Helen Bambic-Workman (1935 – 2022): ‘She made it feel like anything was possible’
Helen Bambic-Workman (BFA 79, MFA 86), a Concordia audiovisual department staff member from the mid-1970s until her retirement in 1995, died in Victoria, British Columbia, on January 31. She was the creator of MITE AVISTA, the university’s groundbreaking multimedia lab that provided a range of students and staff access to burgeoning technology from 1989 to 2003.
Sara Morley (BFA 94), creative director of Design Postimage in Montreal, with help from Scott Prentice, Salvatore Barrera (BA 93) and Bambic-Workman’s daughter Holly Workman, recalls her former colleague.
Helen Bambic-Workman took her last breath at 10:40 p.m. PST on January 31 — less than an hour into the Lunar New Year, the Year of the Tiger. Helen was a bright spark and a techno matriarch. She will be deeply missed.
Helen was born on June 22, 1935, in Kirkland Lake, Ontario, and her family soon moved to Val‑d’Or, Quebec. At 18, she came to Montreal to study nursing at McGill University and trained at the Royal Victoria Hospital. Helen completed her coursework but was denied certification when she became pregnant. She and her classmates made enough trouble that this policy was revoked the following year.
Helen married in 1955, had four children and, like many women of her generation, stayed home to raise them. Wanting more, she divorced, and at 40, enrolled in Concordia’s Cinema program. After graduating with a BFA in Cinema Production in 1979, she was hired to run the university’s AVISTA (Audio‑Visual In‑Service Teaching Area), while continuing her studies at night.
By 1989, Helen had been running AVISTA for 10 years and had earned a master’s in educational technology. She loved her job and felt privileged to provide students with the best media production tools available.
Helen purchased an Amiga 1000 computer in December 1988. AVISTA now had a state-of-the-art tool that allowed users to, among other things, create professional-looking video titles, make 2D animations on an amazing paint program and digitize images to bring graphics, photos and maps into the computer; all these elements could be processed and then transferred back onto videotape.
‘She empowered us’
Helen and her AVISTA colleagues Pamela Burns and Stefan Buchholz (BCSc 91) dreamed up the model for the MITE (Media Integrated Technology Environment) Lab — a kind of technology playground for students across the university, dubbed “the mighty lab” by those who worked there.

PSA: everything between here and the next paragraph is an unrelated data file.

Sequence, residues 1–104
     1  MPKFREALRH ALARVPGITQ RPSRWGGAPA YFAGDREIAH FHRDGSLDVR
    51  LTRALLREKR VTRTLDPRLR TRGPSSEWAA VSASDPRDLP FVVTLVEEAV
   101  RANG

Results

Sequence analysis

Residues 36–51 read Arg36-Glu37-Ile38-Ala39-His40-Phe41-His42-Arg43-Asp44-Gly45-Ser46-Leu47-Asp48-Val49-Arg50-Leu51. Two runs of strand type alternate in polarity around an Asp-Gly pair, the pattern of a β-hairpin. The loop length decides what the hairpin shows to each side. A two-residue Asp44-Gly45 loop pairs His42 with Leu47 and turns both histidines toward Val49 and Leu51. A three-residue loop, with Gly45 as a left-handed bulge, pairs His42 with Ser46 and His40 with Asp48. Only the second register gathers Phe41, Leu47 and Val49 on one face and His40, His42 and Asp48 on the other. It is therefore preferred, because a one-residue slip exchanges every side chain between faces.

Helen encouraged her team —whom she called MITE “mavens” — to be imaginative, independent, focused and curious. The MITE Lab, on the Henry F. Hall Building’s mysterious third floor, was a place where students and faculty from any discipline could hone their skills and share what they’d learned with each other. Helen and her mavens developed hands‑on workshops to facilitate the learning of multimedia production tools — the Video Toaster and 3D-animation classes were particularly popular.
Concordia’s landmark Women and the Fine Arts course introduced students to the works of pioneering women video artists and encouraged them to create their own videos at the MITE Lab. It was this class that led Deborah VanSlet (BA 03), now a veteran videographer and storyteller, and me to the lab — and it changed the direction of our creative lives.
Helen made it clear to all the young women who dared to walk in the door that there was a place for them here. She empowered us and made it feel like anything was possible.
In 1995, Helen retired. In 1999, she was featured in Oh Mother!, a documentary that takes an intimate look at three generations of mothers, directed by me and fellow MITE maven Sandra Dametto (BA 94, MA 01). It was broadcast on the Women’s Television Network (WTN) on Mothers’ Day.
The MITE Lab closed in 2003 but its impact is still being felt by the students and staff who began exploring multimedia technology there — many of whom have continued to work, create and innovate in this domain.
After living full‑time at her magnificent property in the Eastern Townships, Quebec, in 2001 Helen moved to Victoria to be near her children. She is mourned by the four of them — and all her MITE family.
Read Sara Morley’s full tribute to Helen Bambic-Workman, “Mighty Helen.”